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CAUTIONARY NOTE REGARDING FORWARD-LOOKING STATEMENTS

 

Certain statements contained in or incorporated by reference in this prospectus and accompanying prospectus supplements, if any, contain “forward-looking” statements within the meaning of Section 27A of the Securities Act and Section 21E of the Exchange Act.  The statements reflect the current views and assumptions of management with respect to future events regarding our business and industry in general.  These forward-looking statements include all statements, other than statements of historical fact, regarding our financial position, business strategy and other plans and objectives for future operations, including statements with respect to revenues and earnings, the amount and composition of assets under management, distribution sources, expense levels, redemption rates and the financial markets and other conditions.  These statements are generally identified by the use of such words as “may,” “could,” “should,” “would,” “believe,” “anticipate,” “forecast,” “estimate,” “expect,” “intend,” “plan,” “project,” “outlook,” “will,” “potential” and similar statements of a future or forward-looking nature.  Any forward-looking information provided by or on behalf of the Company is not a guarantee of future performance.  Actual results may differ materially from those contained in these forward-looking statements as a result of various factors, including but not limited to those disclosed in the “Risk Factors” section below.  If one or more events related to these or other risks, contingencies or uncertainties materialize, or if our underlying assumptions prove to be incorrect, actual results may differ materially from those forecasted or expected.  All forward-looking statements contained in or incorporated by reference in this prospectus and accompanying prospectus supplements, if any, are based upon information available to us on the date such statements are made.  We undertake no obligation to update or revise any forward-looking statement, whether as a result of new information, future events, changed circumstances or otherwise, except to the extent required by law.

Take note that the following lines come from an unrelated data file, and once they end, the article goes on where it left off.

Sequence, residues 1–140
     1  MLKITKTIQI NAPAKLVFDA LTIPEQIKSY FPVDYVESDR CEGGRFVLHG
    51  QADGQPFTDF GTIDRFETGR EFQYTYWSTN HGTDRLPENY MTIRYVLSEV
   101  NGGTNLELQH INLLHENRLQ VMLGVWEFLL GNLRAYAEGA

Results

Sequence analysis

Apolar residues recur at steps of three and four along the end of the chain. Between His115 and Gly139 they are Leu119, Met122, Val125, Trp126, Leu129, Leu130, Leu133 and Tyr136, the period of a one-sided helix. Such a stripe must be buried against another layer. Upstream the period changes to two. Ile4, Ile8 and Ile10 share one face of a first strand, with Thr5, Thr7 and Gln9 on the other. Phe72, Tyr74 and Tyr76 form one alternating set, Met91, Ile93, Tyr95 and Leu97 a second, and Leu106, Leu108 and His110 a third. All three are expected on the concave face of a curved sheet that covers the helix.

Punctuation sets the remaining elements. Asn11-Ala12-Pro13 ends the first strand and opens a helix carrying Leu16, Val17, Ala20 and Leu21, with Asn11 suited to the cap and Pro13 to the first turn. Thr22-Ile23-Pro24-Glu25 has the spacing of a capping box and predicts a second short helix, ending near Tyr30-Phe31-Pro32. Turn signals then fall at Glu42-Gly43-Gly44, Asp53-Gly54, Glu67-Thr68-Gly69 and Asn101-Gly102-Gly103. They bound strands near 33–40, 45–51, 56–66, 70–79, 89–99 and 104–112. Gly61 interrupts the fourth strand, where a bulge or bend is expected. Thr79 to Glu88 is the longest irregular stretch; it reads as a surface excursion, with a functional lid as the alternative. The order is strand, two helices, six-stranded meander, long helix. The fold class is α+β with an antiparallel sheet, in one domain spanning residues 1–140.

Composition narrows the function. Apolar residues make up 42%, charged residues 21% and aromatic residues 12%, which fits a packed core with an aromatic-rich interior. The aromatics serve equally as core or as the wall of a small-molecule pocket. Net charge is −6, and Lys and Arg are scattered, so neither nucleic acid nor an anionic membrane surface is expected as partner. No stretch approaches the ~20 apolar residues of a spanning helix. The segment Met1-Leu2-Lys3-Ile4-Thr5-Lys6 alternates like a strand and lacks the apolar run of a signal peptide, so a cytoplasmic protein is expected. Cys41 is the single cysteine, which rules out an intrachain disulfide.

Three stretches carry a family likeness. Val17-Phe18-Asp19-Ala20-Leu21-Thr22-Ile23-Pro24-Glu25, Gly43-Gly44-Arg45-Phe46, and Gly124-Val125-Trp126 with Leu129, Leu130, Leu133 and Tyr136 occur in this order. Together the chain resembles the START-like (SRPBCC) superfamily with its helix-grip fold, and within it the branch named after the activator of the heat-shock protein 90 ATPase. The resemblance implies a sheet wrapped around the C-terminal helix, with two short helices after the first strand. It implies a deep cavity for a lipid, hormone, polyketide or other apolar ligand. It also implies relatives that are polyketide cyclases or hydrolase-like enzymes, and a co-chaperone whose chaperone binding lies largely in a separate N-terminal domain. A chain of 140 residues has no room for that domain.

RISK FACTORS

 

An investment in our securities involves risks.  You should carefully consider the following risk factors before investing in our securities.  The risks described below are not the only ones that we face.  Additional risks of which we do not yet know or that we currently think are immaterial may also impair our business operations.  If any of the following risks actually occur, our business, financial condition or results of operations could be materially adversely affected.  In such case, the trading price of our Class A common stock could decline, and you may lose all or part of your investment.  You should also refer to the other information set forth in this Prospectus.

 

MARKET AND COMPETITION RISKS

 

We Could Experience Adverse Effects On Our Market Share Due To Strong Competition From Numerous And Sometimes Larger Companies. The investment management industry is highly competitive.  We compete with stock brokerage firms, mutual fund companies, investment banking firms, insurance companies, banks, internet investment sites, mobile investment products, automated financial advisors, registered investment advisers, and other financial institutions and individuals based on a number of factors, including investment performance, the level of fees charged, the quality and diversity of products and services offered, name recognition and reputation, and the ability to develop new investment strategies and products to meet the changing needs of investors. Many of these competitors not only offer mutual fund investments and services, but also offer an ever-increasing number of other financial products and services. Many of our competitors have more products and product lines, services and brand recognition and also may have substantially greater assets under management.  See Item 1 — “Business — Competition” of the Company’s Annual Report on Form 10-K for the year ended December 31, 2017, filed with the SEC on February 23, 2018 (the “2017 Form 10-K).